Lady Macbeth fears that Macbeth lacks enough courage and killer instinct to murder Duncan. Lady Macbeth might be a more vicious individual, but she is more afraid than Macbeth about killing Duncan. She never mentions herself committing the murder, and she always insists upon Macbeth executing the killing. The opportunity arises for Lady Macbeth to murder Duncan, but she decides not to. This is the first humane feeling that we see from Lady Macbeth in the play. Her desires and inspiration are very strong, but when opportunity presents itself, she cannot carry through with the act. Therefore, she uses her husband’s vulnerability to persuasion to achieve her dreams.
The relationship between Lady Macbeth and Macbeth is based on political triumphs, not love. Lady Macbeth often accuses her husband of talking but not carrying through his ambitions. Although, she often talks about becoming queen of Scotland and murdering Duncan, she never does anything to help this cause. The qualities that it takes to murder a king are not present in Lady Macbeth. She recognizes this, and convinces Macbeth to kill Duncan so she can achieve her dreams. Macbeth’s reign as king of Scotland will be short, yet she will enjoy royal luxuries long after her husband is dead. Lady Macbeth is only concerned with the advantages she can have by being married to Macbeth. If Macbeth becomes king by murdering many people, she can reap the benefits of his killing without doing anything. When Macbeth considers not murdering Duncan, Lady Macbeth quickly becomes offended and she accuses her husband of not being a man. Just mentioning the prospect of not murdering Duncan infuriates Lady Macbeth. She refuses to accept the possibility of failure and she is obsessed with the process of gaining absolute power..
Lady Macbeth has become totally engrossed in becoming queen of Scotland. She is relentless in her pursuit of this goal, and she will kill anyone who is in the way of the throne. She is able to influence Macbeth into murder by telling him they are presented with an extraordinary opportunity. When Macbeth presents the possibility of failure, Lady Macbeth becomes enraged and attacks his cowardliness and manhood. Nothing will stop Lady Macbeth from achieving her goal of becoming queen. She is completely aware of the consequences of murdering Duncan, but she disregards them. Before the murder she calls night to cover up the murder. Lady Macbeth at least can acknowledge that the murder is wrong and immoral by calling down darkness to hide her murder. She is not completely a ruthless psychotic, and she knows the difference between right and wrong. This, however, further emphasizes the desire and ambition that Lady Macbeth possesses to be queen. She realizes the numerous negative effects of murdering Duncan, but she neglects them because, more than anything else, she wants to be a queen.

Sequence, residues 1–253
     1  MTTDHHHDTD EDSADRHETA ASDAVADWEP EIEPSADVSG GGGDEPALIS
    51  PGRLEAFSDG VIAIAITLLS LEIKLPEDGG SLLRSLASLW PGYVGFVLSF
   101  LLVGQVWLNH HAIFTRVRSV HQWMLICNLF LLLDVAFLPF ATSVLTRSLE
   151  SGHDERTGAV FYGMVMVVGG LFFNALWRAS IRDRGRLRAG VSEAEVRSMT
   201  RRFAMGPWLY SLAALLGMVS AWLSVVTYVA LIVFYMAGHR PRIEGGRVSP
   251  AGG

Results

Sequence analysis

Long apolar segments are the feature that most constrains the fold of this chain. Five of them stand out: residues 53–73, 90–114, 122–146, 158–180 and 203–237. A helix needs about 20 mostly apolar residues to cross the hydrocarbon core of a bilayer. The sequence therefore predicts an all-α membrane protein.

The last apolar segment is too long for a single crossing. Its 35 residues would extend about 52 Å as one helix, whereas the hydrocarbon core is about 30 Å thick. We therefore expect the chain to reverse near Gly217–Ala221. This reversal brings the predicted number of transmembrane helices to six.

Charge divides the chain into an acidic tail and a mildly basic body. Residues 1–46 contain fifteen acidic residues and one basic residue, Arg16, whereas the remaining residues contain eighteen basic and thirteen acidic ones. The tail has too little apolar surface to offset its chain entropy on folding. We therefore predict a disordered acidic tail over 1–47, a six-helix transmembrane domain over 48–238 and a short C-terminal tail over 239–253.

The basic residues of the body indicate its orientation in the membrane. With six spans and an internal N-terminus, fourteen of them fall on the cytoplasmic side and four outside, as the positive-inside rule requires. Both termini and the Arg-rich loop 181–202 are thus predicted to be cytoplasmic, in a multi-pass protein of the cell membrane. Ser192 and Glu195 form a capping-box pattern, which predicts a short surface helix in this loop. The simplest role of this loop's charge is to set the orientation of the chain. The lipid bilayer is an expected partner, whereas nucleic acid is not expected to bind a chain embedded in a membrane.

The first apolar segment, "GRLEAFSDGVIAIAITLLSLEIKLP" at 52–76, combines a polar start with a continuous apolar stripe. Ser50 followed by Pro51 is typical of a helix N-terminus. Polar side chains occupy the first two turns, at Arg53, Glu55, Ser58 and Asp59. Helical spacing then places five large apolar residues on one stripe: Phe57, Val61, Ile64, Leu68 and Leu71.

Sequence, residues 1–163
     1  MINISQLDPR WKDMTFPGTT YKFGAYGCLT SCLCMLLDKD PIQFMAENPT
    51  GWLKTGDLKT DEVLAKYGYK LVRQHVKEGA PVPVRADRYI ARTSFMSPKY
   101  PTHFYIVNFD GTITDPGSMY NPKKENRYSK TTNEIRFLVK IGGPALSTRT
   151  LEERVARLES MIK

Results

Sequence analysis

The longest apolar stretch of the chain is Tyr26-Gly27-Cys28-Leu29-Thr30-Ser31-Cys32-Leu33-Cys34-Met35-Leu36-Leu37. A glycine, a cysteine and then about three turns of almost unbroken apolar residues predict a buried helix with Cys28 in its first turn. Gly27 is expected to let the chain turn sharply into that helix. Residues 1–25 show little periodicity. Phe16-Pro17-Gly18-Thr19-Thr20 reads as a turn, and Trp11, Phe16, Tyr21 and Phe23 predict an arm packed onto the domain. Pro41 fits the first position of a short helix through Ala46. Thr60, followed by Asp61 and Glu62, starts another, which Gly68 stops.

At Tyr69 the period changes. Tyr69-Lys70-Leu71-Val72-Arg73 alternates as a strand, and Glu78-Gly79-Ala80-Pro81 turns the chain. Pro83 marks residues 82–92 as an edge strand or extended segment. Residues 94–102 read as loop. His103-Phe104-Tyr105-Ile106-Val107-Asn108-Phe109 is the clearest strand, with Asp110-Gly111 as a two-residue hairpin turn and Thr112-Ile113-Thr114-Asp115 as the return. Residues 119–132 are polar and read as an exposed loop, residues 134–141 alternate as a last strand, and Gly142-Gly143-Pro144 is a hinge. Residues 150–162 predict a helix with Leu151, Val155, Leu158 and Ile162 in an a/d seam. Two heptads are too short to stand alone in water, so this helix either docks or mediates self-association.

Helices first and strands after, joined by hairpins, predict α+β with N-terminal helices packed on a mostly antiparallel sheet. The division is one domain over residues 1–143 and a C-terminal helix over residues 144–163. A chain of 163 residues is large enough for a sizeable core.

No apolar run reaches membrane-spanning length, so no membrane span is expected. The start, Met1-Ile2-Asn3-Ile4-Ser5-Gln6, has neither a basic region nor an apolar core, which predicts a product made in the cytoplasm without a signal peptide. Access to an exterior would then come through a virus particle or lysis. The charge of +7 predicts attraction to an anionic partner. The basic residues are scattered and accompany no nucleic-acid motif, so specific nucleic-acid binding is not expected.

Lady Macbeth is plagued by her desire to become a queen. In the pursuit of her ambitions, she will sacrifice everything. She follows this advice in everything she does. When she sees Duncan murdered, she immediately pretends to faint. Unlike Macbeth, who has expressed doubts about becoming king, Lady Macbeth is merciless against anyone who is in the way of the king. Because Macbeth is unsure about murdering Duncan, Lady Macbeth does everything possible to convince Macbeth to carry out their plans. Lady Macbeth’s desires rely on Macbeth’s murders.
In order to accomplish her dreams, Lady Macbeth manipulates and convinces Macbeth to do things that he is against. But because of her intense ambition to be queen, nothing can prevent her from achieving this goal.